With the authorities' rules and advice generally being lifted, individuals may decide what risk they wish to take and what measures they will practice. The lifting of measures like national rules and advice does not prevent individuals from choosing a higher level of protection for themselves. For example, people who want greater protection from respiratory infections may choose to keep a distance from others and wear a face covering.

Actions, rules and advice

Hand hygiene

Wash your hands often. Use soap and water or alcohol-based hand products.

Cough or sneeze hygiene
  • A paper tissue over your mouth and nose protects others when you cough or sneeze. Throw the tissue away immediately. Then wash your hands.
  • Use a flexed elbow when you cough or sneeze and do not have a tissue handy.
Advice for respiratory symptoms

Advice for new respiratory symptoms (fever, cough, sore throat, loss of sense of smell or taste, decreased general condition):

  • Stay home.
  • Get tested for COVID-19. This primarily applies to young people and adults. Testing of children can be considered in consultation with their parents, for example if the child develops new symptoms after close contact with a confirmed case.

When to return to work, school, etc.:

  • Young people and adults should have a negative test result for COVID-19 before they return.
  • If the symptoms vanish completely after one day, they can return to work and school.
  • If symptoms persist, the person should stay home until their general condition is good, symptoms subside, and they have not had a fever for 24 hours without the use of fever relief medication. In most cases they should stay home for a couple of days.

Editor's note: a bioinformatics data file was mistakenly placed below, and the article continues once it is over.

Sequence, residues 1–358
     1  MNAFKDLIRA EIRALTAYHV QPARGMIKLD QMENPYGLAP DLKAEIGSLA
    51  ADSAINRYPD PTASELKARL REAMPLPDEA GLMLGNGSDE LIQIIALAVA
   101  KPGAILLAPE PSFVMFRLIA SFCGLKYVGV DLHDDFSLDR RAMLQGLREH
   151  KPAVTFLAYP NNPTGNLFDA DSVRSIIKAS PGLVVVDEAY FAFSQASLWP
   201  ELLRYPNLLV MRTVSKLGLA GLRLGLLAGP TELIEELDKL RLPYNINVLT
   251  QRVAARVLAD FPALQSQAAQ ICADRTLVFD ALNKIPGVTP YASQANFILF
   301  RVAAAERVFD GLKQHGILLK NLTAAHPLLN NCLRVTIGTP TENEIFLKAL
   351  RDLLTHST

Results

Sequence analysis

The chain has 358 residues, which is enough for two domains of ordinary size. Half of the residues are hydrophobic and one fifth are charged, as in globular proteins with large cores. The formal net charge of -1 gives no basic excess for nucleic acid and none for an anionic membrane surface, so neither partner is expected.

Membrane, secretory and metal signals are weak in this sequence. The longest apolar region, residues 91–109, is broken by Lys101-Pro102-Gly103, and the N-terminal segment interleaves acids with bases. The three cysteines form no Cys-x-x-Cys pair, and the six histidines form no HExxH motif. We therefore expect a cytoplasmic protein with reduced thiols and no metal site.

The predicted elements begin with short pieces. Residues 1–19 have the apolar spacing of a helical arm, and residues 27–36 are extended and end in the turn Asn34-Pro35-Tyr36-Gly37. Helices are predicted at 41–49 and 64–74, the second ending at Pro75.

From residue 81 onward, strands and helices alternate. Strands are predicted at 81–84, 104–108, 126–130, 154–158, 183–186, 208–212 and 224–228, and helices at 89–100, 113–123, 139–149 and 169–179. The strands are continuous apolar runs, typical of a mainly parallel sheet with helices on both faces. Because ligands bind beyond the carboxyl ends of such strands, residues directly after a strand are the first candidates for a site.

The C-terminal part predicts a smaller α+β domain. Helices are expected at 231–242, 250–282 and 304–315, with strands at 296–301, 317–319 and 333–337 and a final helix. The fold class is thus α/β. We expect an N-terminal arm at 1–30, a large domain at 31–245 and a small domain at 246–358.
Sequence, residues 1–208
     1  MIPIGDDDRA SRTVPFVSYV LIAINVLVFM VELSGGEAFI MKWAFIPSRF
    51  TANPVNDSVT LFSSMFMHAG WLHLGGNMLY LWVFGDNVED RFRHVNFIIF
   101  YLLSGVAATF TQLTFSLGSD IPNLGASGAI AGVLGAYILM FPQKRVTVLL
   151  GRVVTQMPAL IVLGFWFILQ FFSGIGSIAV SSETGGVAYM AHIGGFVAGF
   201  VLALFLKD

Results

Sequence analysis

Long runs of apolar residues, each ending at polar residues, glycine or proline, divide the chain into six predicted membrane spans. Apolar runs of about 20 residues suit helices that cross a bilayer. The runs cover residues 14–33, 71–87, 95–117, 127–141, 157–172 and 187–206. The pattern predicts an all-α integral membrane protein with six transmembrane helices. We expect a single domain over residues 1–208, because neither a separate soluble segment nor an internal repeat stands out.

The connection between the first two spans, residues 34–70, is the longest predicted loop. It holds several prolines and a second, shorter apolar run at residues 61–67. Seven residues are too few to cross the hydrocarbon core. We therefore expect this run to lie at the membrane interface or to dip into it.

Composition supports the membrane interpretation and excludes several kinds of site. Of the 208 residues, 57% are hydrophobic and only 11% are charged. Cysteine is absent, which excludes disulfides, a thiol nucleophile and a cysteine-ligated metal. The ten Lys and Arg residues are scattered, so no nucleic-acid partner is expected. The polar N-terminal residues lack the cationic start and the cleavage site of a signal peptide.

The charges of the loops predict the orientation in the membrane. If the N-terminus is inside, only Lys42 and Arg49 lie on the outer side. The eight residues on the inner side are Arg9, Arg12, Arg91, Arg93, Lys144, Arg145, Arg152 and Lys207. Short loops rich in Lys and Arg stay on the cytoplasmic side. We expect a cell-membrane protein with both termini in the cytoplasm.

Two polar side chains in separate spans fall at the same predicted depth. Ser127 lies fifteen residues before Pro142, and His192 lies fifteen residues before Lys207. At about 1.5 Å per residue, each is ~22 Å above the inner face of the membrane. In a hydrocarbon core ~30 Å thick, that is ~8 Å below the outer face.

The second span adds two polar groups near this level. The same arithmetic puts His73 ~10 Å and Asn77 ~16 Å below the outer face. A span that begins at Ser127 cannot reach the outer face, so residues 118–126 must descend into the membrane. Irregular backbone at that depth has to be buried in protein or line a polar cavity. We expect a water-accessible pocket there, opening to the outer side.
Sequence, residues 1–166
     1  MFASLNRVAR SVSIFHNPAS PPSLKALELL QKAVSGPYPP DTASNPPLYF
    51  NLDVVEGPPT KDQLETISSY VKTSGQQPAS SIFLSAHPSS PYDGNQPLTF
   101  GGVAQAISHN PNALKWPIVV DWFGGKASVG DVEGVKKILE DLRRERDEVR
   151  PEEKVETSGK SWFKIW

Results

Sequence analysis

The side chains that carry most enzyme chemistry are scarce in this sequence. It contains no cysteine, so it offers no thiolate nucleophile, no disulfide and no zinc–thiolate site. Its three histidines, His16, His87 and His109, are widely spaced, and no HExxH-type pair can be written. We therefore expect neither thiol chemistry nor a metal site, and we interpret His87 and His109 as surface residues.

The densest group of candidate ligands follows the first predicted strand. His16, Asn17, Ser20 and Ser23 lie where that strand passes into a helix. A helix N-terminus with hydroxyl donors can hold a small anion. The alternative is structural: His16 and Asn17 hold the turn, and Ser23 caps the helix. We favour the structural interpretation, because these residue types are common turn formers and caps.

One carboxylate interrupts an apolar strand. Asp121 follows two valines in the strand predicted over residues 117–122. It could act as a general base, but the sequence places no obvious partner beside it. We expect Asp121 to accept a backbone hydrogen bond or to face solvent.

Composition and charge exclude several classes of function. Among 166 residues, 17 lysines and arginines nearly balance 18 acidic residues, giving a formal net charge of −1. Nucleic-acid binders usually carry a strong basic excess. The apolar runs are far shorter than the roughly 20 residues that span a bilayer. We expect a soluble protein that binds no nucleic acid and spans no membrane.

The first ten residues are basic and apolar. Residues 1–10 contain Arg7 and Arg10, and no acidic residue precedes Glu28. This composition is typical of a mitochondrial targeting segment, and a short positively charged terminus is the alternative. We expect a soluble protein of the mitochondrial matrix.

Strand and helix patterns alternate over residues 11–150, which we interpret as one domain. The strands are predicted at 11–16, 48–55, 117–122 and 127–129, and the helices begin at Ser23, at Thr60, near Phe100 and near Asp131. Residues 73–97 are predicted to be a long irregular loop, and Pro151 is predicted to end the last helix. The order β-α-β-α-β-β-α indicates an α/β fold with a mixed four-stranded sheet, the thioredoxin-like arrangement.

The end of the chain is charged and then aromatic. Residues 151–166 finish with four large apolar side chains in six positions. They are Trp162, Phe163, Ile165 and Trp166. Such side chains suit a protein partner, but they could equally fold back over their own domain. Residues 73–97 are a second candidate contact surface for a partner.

• If symptoms are more serious or persist, they should contact a doctor for an assessment.

If you have a negative COVID-19 test result, your symptoms are mild, and your general condition has not been affected, you do not need to stay home. Young people and adults can return to school/work when their health has improved or the same day that the test was taken if the reason for the test was mild or vague symptoms. You can return to work/school if you have residual symptoms like a runny nose or light cough.

There may be separate advice for health personnel and certain other professions.

Special rules for children in kindergarten and primary school:

Children who only have a runny or blocked nose or chronic respiratory symptoms do not need to stay home. Children with new symptoms, like a fever, cough, sore throat or decreased general condition, should stay home, but can go to kindergarten/school when their health improves. This applies even if the child still has some symptoms, such as a runny nose or light cough.


Testing is recommended for the following groups:

  • All people with new respiratory symptoms or other symptoms of COVID-19, regardless of their vaccination status.
  • Unvaccinated household members or corresponding close relations of an infected person.
  • Other unvaccinated close contacts.